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McDonald’s: you can sneer, but it’s the glue that holds communities together [Chris Arnade – The Guardian]

On the morning of their wedding, Omar and Betty shared a breakfast of egg McMuffins at a small McDonald’s table, dressed in their finest clothes. Before driving to a Houston courthouse to be married, they walked into the attached child’s play area and joked about one day bringing their kids there.

Few understand celebrating at a McDonald’s, but for Omar and Betty it made sense. They don’t have a lot of money, and McDonald’s is part of their life. It is that way in many poor and middle-income neighborhoods, where McDonald’s have become de-facto community centers and reflections of the surrounding neighborhood.

When many lower-income Americans are feeling isolated by the deadening uniformity of things, by the emptiness of many jobs, by the media, they still yearn for physical social networks. They are not doing this by going to government-run community service centers. They are not always doing this by utilizing the endless array of well-intentioned not-for-profit outreach programs. They are doing this on their own, organically across the country, in McDonald’s.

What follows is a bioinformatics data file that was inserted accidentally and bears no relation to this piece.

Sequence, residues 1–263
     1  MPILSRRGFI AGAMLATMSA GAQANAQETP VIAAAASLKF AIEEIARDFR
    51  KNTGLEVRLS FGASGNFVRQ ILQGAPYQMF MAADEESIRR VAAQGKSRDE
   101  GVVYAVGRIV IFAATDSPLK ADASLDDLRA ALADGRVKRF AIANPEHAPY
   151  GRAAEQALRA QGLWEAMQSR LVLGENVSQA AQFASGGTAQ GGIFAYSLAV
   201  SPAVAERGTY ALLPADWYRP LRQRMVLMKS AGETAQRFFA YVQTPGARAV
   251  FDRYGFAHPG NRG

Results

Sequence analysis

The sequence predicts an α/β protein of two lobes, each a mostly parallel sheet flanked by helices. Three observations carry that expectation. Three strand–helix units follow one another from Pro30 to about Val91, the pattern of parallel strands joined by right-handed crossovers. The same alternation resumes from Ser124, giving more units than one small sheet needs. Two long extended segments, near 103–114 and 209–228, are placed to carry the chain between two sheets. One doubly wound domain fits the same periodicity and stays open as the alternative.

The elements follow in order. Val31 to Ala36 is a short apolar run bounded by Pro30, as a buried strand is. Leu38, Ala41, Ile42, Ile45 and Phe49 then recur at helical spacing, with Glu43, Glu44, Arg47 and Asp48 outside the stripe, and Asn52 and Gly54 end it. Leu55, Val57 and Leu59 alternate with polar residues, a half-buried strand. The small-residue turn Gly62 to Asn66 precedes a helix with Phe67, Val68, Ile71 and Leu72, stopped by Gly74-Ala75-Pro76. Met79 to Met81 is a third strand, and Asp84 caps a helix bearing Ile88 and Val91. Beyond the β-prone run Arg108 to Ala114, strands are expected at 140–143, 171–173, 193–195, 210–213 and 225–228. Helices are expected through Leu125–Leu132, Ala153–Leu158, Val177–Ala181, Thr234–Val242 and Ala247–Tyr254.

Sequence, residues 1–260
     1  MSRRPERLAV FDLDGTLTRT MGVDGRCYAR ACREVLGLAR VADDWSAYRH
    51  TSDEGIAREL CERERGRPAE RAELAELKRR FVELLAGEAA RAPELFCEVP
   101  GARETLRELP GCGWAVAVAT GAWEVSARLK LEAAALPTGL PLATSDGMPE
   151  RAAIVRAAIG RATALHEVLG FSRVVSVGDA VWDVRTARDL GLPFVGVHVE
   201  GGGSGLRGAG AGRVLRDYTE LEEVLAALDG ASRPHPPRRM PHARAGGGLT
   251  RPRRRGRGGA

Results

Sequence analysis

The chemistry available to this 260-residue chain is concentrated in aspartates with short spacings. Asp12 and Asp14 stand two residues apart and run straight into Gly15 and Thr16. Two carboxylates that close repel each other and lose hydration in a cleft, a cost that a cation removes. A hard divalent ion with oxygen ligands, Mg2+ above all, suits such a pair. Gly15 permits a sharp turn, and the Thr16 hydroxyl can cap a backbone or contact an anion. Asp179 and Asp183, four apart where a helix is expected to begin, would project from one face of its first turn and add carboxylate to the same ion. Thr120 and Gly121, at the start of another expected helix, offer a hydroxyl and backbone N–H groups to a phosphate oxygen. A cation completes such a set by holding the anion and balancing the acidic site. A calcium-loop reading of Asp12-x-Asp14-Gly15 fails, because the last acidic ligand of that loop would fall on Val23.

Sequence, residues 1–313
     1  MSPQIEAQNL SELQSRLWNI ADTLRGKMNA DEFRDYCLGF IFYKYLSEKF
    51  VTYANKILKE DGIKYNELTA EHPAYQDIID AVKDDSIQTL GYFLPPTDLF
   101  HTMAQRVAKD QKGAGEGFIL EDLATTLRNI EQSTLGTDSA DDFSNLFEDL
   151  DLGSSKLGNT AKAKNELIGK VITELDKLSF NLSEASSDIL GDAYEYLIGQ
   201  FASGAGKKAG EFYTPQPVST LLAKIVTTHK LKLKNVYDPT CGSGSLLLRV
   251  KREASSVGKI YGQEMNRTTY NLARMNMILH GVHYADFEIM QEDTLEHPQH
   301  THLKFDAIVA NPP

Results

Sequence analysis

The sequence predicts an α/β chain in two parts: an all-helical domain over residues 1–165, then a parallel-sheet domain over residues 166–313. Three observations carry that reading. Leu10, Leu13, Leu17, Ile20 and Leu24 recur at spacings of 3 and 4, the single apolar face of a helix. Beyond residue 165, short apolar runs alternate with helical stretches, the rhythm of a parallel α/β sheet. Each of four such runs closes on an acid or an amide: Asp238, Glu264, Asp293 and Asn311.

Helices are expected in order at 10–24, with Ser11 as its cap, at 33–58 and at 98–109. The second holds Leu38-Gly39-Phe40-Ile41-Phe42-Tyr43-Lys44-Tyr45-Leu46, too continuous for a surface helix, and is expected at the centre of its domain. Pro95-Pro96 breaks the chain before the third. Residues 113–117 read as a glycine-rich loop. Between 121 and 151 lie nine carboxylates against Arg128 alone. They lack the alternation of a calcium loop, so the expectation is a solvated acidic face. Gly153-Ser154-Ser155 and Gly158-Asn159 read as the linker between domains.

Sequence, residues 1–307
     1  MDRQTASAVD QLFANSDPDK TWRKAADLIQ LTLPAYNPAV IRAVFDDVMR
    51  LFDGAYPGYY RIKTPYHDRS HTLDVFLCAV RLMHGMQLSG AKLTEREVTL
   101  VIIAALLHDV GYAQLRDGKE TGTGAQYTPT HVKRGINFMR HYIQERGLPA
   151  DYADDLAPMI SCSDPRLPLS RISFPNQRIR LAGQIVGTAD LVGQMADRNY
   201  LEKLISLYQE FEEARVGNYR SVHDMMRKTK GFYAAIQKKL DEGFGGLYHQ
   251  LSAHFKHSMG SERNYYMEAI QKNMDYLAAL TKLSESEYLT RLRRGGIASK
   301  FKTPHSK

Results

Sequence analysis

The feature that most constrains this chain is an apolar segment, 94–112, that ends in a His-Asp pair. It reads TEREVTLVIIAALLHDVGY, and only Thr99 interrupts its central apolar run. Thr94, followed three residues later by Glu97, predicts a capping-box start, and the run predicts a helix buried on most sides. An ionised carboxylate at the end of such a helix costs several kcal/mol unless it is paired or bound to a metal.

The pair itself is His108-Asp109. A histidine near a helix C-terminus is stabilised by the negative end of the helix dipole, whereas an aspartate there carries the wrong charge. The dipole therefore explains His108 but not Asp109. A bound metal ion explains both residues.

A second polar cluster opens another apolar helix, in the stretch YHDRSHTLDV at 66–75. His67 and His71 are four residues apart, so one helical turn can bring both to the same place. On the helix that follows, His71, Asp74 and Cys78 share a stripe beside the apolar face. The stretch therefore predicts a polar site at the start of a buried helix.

Striking out

Why tens of thousands of workers, from Verizon to McDonald’s, are walking off the job Thursday

Jim Tankersley and Brian Fung, at the Washington Post:

Tens of thousands of Americans will decline to report to work Thursday because of labor disputes, a surge that coincides with a fledgling sense of empowerment among workers who struggled for years to reap the gains of the economic recovery and which could mark a political and economic shift in the balance between employers and their employees.

The striking workers will include nearly 40,000 Verizon employees who walked off the job Wednesday in search of assurances that their positions will not be outsourced or automated in the near future, after contract talks with the company stalled.

The ranks also will include thousands of low-wage workers organized by the Fight for $15 campaign, which is pushing to increase the national minimum wage to $15 an hour. Organizers said that Thursday’s strike would be the campaign’s largest and would focus on picketing McDonald’s, one of the country’s largest employers of low-wage workers. The strikers will include McDonald’s employees but also workers from other fast-food chains, nursing homes and at least one university.

With the labor market tightening up, workers get more clout. Good.